Rental rules passed
Controversy continues over short-term tenants
MARQUETTE — All rentals, including short-term rentals, will be subject to a new ordinance passed by the Chocolay Township Board on Monday.
Board trustees voted 5-2 in favor of the ordinance with Judy White and Mark Maki voting against the measure.
Several heated exchanges took place during the meeting, which was attended by dozens of residents and seemingly brought to a close what has been a contentious issue in the municipality for about a decade.
Around 10 residents spoke on the matter during public comment, the majority of whom voiced opposition to the township allowing short-term rentals, several who were supportive of allowing the activity in the township, and others who questioned why more traditional long-term rentals were being included in the ordinance at all.
Those opposing short-term rentals overwhelmingly said the practice changes the character of a residential neighborhood. They cited concerns ranging from renters causing fire hazards, littering on the beach, trespassing on neighboring properties, unleashed dogs and potential septic and well water issues.
Trustee Maki, who also spoke during public comment, called the measure a “short-term rental non-ordinance,” saying it avoids the issues that short-term rentals bring, such as “added congestion, health and safety factors and the issues of mixing commercial activities into what are supposed to be free from other uses, quiet single-family neighborhoods.”
Deborah Mulcahey, one of several Lakewood Lane residents who gathered 187 petition signatures opposing short-term rentals in 2017, said the ordinance does not reflect the will of township residents. The issue, she said, was never about long-term rentals.
“We who wrote this petition to you said we have no concern about the long-term tenants,” Mulcahey told the board. “Why would we? They contribute to our community. Who are you protecting? Are you protecting us as individuals or are you protecting individuals who make money and corporations, ignoring the requests of the public? It’s a tribe mentality; you just go along to get along.”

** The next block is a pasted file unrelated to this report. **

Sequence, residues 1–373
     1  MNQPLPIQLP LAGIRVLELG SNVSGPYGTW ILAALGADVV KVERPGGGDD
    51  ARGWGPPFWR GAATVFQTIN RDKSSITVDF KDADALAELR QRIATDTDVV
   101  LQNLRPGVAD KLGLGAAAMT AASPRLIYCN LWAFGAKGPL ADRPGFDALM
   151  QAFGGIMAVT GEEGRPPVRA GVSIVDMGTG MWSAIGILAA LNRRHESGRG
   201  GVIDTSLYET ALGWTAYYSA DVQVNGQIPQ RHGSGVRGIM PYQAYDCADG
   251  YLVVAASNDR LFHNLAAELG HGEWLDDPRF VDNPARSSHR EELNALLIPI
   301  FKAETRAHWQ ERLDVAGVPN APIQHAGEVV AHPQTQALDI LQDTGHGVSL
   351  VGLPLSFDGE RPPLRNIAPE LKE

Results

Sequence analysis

The ordinance will go into effect June 13. It requires property owners who wish to rent out their properties for a fee for durations of one day or more to provide their own personal and management company information — including email addresses, phone numbers and alternate contact numbers — in the event the primary contact is unavailable to respond to calls from police, fire, emergency and other township personnel.
The proposed language would also require the owner or agent to maintain a current list of rental occupants, which must be presented to police, fire, emergency or other government personnel upon request.
The property owner would also be required to provide to every tenant or renter a copy of a document that details township rules and ordinances.
Failure to comply with the ordinance would result in a $250 fine for each violation, with three violations resulting in the revocation of the rental permit for the property for a year.
Bruce Ward, who owns four long-term rental units in the township, told the board that the ordinance is “an overreach” that does not provide property owners an opportunity to address ordinance violations before they are cited and fined.
“It is my understanding the ordinance is far reaching and includes ordinances already in effect with home ownership within the township,” Ward said. “Landlords should be given time to correct the violation in cooperation with the township.”
Township resident Pat Black spoke in support of the ordinance and short-term rentals.
“I understand that this is about ‘not in my backyard,'” Black said. “My point is that it is not going to go away, and wouldn’t you rather know who the people are that are renting these properties out, how you find them, and they are responsible for how people act? I, myself, might not live in that house down the road anymore and it’s a great place for people to come up and enjoy, and will I make a few dollars, absolutely. However, I would expect that I would have to come to the township office, I would have to fill out a permit of some sort giving you information on who I am, what we’re doing, where are we living, how you find me if I am not there. This is a new part of tourism, people, this is not the only place in the world that’s dealing with this. They deal with this all over. It’s simple. It is about accountability.”